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Lancet. 2015 Jul 25;386(9991):350-9. doi: 10.1016/S0140-6736(14)62338-2. Epub 2015 May 28.

Methadone continuation versus forced withdrawal on incarceration in a combined US prison and jail: a randomised, open-label trial.

Author information

1
Brown University, Providence, RI, USA; The Center for Prisoner Health and Human Rights, The Miriam Hospital, Providence, RI, USA. Electronic address: jrich@lifespan.org.
2
Brown University, Providence, RI, USA; The Center for Prisoner Health and Human Rights, The Miriam Hospital, Providence, RI, USA.
3
Brown University, Providence, RI, USA; The Center for Prisoner Health and Human Rights, The Miriam Hospital, Providence, RI, USA; National Drug and Alcohol Research Centre, University of New South Wales, NSW, Australia.
4
Tufts Medical Center, Tufts University School of Medicine, Boston, MA, USA.
5
The Center for Prisoner Health and Human Rights, The Miriam Hospital, Providence, RI, USA.
6
Brown University, Providence, RI, USA; The Center for Prisoner Health and Human Rights, The Miriam Hospital, Providence, RI, USA; Memorial Hospital, Pawtucket, RI, USA.
7
Fay W Boozman College of Public Health, University of Arkansas for Medical Sciences, AR, USA; The Center for Prisoner Health and Human Rights, The Miriam Hospital, Providence, RI, USA.

Abstract

BACKGROUND:

Methadone is an effective treatment for opioid dependence. When people who are receiving methadone maintenance treatment for opioid dependence are incarcerated in prison or jail, most US correctional facilities discontinue their methadone treatment, either gradually, or more often, abruptly. This discontinuation can cause uncomfortable symptoms of withdrawal and renders prisoners susceptible to relapse and overdose on release. We aimed to study the effect of forced withdrawal from methadone upon incarceration on individuals' risk behaviours and engagement with post-release treatment programmes.

METHODS:

In this randomised, open-label trial, we randomly assigned (1:1) inmates of the Rhode Island Department of Corrections (RI, USA) who were enrolled in a methadone maintenance-treatment programme in the community at the time of arrest and wanted to remain on methadone treatment during incarceration and on release, to either continuation of their methadone treatment or to usual care--forced tapered withdrawal from methadone. Participants could be included in the study only if their incarceration would be more than 1 week but less than 6 months. We did the random assignments with a computer-generated random permutation, and urn randomisation procedures to stratify participants by sex and race. Participants in the continued-methadone group were maintained on their methadone dose at the time of their incarceration (with dose adjustments as clinically indicated). Patients in the forced-withdrawal group followed the institution's standard withdrawal protocol of receiving methadone for 1 week at the dose at the time of their incarceration, then a tapered withdrawal regimen (for those on a starting dose >100 mg, the dose was reduced by 5 mg per day to 100 mg, then reduced by 3 mg per day to 0 mg; for those on a starting dose >100 mg, the dose was reduced by 3 mg per day to 0 mg). The main outcomes were engagement with a methadone maintenance-treatment clinic after release from incarceration and time to engagement with methadone maintenance treatment, by intention-to-treat and as-treated analyses, which we established in a follow-up interview with the participants at 1 month after their release from incarceration. Our study paid for 10 weeks of methadone treatment after release if participants needed financial help. This trial is registered with ClinicalTrials.gov, number NCT01874964.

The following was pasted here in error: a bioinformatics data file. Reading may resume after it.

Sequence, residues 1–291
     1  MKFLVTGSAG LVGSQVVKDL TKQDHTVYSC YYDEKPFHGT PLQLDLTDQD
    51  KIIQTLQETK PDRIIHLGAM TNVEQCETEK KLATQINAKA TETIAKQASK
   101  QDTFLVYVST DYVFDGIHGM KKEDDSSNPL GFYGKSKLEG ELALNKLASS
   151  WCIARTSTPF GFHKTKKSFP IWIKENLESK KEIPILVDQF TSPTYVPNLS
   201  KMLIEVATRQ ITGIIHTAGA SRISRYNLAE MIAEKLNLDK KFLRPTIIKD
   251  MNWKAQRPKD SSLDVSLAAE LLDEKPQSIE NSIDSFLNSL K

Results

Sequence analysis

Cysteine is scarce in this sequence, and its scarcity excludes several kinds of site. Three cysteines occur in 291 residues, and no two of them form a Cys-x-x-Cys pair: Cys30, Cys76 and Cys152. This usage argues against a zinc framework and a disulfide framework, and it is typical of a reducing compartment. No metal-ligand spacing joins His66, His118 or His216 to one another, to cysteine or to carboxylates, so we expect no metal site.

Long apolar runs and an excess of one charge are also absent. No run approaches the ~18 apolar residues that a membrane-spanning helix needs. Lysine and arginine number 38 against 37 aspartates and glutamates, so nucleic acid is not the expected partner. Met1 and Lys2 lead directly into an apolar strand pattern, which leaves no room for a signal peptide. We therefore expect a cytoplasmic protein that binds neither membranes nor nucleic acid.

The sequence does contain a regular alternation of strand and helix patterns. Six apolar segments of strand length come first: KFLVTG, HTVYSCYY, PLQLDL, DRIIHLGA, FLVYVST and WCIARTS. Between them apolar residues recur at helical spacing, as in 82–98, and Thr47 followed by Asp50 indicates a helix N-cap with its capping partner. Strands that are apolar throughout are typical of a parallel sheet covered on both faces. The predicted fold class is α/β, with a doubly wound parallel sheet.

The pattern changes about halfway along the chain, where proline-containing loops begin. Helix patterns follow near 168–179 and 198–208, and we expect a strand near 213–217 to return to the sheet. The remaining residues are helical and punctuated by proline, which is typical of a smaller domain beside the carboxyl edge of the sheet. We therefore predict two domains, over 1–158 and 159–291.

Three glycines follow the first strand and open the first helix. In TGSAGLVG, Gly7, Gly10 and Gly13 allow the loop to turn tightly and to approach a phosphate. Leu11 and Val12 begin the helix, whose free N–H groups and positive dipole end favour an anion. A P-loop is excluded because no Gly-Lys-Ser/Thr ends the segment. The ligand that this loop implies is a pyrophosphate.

FINDINGS:

Between June 14, 2011, and April 3, 2013, we randomly assigned 283 prisoners to our study, 142 to continued methadone treatment, and 141 to forced withdrawal from methadone. Of these, 60 were excluded because they did not fit the eligibility criteria, leaving 114 in the continued-methadone group and 109 in the forced-withdrawal group (usual care). Participants assigned to continued methadone were more than twice as likely than forced-withdrawal participants to return to a community methadone clinic within 1 month of release (106 [96%] of 110 in the continued-methadone group compared with 68 [78%] of 87 in the forced-withdrawal group; adjusted hazard ratio [HR] 2·04, 95% CI 1·48-2·80). We noted no differences in serious adverse events between groups. For the continued-methadone and forced-withdrawal groups, the number of deaths were one and zero, non-fatal overdoses were one and two, admissions to hospital were one and four; and emergency-room visits were 11 and 16, respectively.

INTERPRETATION:

Although our study had several limitations--eg, it only included participants incarcerated for fewer than 6 months, we showed that forced withdrawal from methadone on incarceration reduced the likelihood of prisoners re-engaging in methadone maintenance after their release. Continuation of methadone maintenance during incarceration could contribute to greater treatment engagement after release, which could in turn reduce the risk of death from overdose and risk behaviours.

FUNDING:

National Institute on Drug Abuse and the Lifespan/Tufts/Brown Center for AIDS Research from the National Institutes of Health.

PMID:
26028120
PMCID:
PMC4522212
DOI:
10.1016/S0140-6736(14)62338-2
[Indexed for MEDLINE]
Free PMC Article

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